Marvin Brown, Organizational Systems

Photograph of Marvin Brown

Marvin Brown

Organizational Systems Faculty

Everyone agrees that we need businesses and organizations to be more ethical - but what does that actually mean?

Part of the reasons our organizations aren’t getting any more ethical, says Marvin Brown, is that we like to think unethical corporate behavior is caused entirely by unethical people. In fact, improving organizations requires more than improving the individuals who participate in them.

"There’s this very common view that organizations are made up of individuals, and so if you just get good individuals in the organization, you’ll have an ethical organization," Marvin says. "But in fact organizations have decision making processes that they follow, and entrenched systems of rewards and punishments … and most people, even good people, end up doing what the organization that pays them wants them to do. So if you want an ethical organization, you have to look at more than whether the people in it are ‘good’ or not: you have to look at the organizational decision-making process and the organizational culture in which it is embedded."

Marvin’s books on organizational ethics have been widely recognized by professional societies, and translated into multiple languages. But the larger work of reorganizing society around ethical lines has yet to be done.

For him, it’s something of a calling, dating back to his time as a Methodist minister studying in the US and Germany, and seeing that different cultures have vastly different ways of dealing with conflict and ethical concerns. "What I came to realize," he says, "is that ethics is not just a set of rules we follow: ethics is a set of tools by which we deal with conflict. In fact ethics really begins with disagreement."

"Most people do what they think is right considering the world they think they live in - but that doesn’t mean they know the best thing to do," he says. "So the ethical process involves a situation where people have evaluated a decision and decided to do what they think is the right thing, but they disagree about it. Then what? What do you do when everyone’s doing what they think is right - but they disagree? That’s where the ethical process really begins. It’s a kind of dialogue, rather than a set of rules."

Marvin earned his PhD in rhetoric and hermeneutics, and began teaching ethics courses at the University of San Francisco, where he still teaches today in addition to his work at Saybrook. He began writing an organizational ethics newsletter, which reached an influential audience and eventually turned into his first book Working Ethics. He became a sought after ethics consultant for businesses. He also left the ministry.

"What I found myself asking was: do you need a religious vocabulary to address the world’s ethical concerns? And in my case, the answer was no - you don’t. There are many conversations where people have insights, where people share with one another, where people grow, where people connect, and they don’t use theological language to do that. So I became a practical philosopher," he says. "In fact, I’m a critic right now of the easy spirituality that is used by different groups in our society to ignore the real providers of wealth. We thank God for the dinner before us, but ignore the people who pick the strawberries, and the people who work in the kitchen. Religion that is missing a concrete way of discussing how we get our muffins for breakfast gets in the way more than it helps."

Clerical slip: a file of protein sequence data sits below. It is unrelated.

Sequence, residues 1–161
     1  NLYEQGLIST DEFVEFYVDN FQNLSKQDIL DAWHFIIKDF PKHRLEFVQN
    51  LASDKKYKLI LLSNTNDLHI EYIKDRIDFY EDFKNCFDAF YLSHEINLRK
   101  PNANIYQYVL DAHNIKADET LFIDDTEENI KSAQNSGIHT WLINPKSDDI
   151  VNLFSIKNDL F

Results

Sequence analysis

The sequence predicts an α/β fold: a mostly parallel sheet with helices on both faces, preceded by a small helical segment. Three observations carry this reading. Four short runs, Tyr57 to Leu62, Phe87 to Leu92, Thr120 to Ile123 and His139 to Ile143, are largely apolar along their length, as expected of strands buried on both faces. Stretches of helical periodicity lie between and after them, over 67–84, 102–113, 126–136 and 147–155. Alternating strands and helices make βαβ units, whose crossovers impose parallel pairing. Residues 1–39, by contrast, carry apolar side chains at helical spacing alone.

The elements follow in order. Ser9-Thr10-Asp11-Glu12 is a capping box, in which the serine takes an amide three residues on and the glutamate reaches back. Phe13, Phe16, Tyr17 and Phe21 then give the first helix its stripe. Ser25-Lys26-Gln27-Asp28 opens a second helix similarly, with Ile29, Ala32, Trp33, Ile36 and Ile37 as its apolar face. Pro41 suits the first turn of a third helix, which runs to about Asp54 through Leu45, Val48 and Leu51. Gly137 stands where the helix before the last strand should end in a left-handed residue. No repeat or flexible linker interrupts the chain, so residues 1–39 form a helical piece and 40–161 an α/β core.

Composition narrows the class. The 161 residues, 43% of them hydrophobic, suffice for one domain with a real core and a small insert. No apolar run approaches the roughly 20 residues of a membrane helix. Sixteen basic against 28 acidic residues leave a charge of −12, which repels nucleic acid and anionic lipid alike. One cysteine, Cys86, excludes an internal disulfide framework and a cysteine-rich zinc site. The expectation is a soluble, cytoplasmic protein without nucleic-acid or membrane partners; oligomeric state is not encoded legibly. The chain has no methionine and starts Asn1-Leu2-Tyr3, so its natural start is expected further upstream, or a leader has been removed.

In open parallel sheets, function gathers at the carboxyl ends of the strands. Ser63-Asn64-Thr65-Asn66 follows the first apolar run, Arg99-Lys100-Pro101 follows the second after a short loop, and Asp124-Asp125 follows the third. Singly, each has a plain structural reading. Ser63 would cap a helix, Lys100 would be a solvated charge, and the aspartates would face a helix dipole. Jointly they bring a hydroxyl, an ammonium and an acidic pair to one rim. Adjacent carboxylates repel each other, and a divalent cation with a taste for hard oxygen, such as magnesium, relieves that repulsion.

What does help, and what Marvin is passionate about developing, are Civic Conversations - dialogues that can connect the people who pick the strawberries with the people who buy them at the supermarket. Together, they tend to come up with better solutions than they do on their own.

"Corporations spend billions to promote unsustainable lifestyles and governments have been pursuing wasteful and destructive policies. As individuals very few of us want such a world, but the systems we live in are pushing us in those directions," he says. It’s much like the employees at a global corporation - they can be good people and still contribute to a bad organization. "If you look into the future, these trends lead to destruction. But how do we stop it? How do we make those changes?"

Marvin’s company, Working Ethics (named after his first book) helps organizations have the conversations among stakeholders necessary to create self-directed change and get on the path to social justice and sustainability. Whether within a company, a city, or a country, Civic Conversations are different from "town hall meetings" or strategy sessions because of their focus on ethical behavior as a dialogic process that addresses everyone’s needs, from the dish washers to the CEOs.

He’s encouraged to see more and more organizations, from civic groups to international businesses, taking up the challenge. He teaches at Saybrook because he sees Saybrook students as being at the vanguard of this change.

"I teach undergrads at USF, but I really enjoy teaching working adults, because they bring a lot more to the conversation," Marvin says. "The Organizational Systems program at Saybrook is very good at bringing in very interesting faculty and a truly engaged group of students, and everyone is very focused on not just advancing their careers, but doing so in a way that is ethical, that supports the conversations and the changes that the world needs to have. It’s a great environment to be a part of."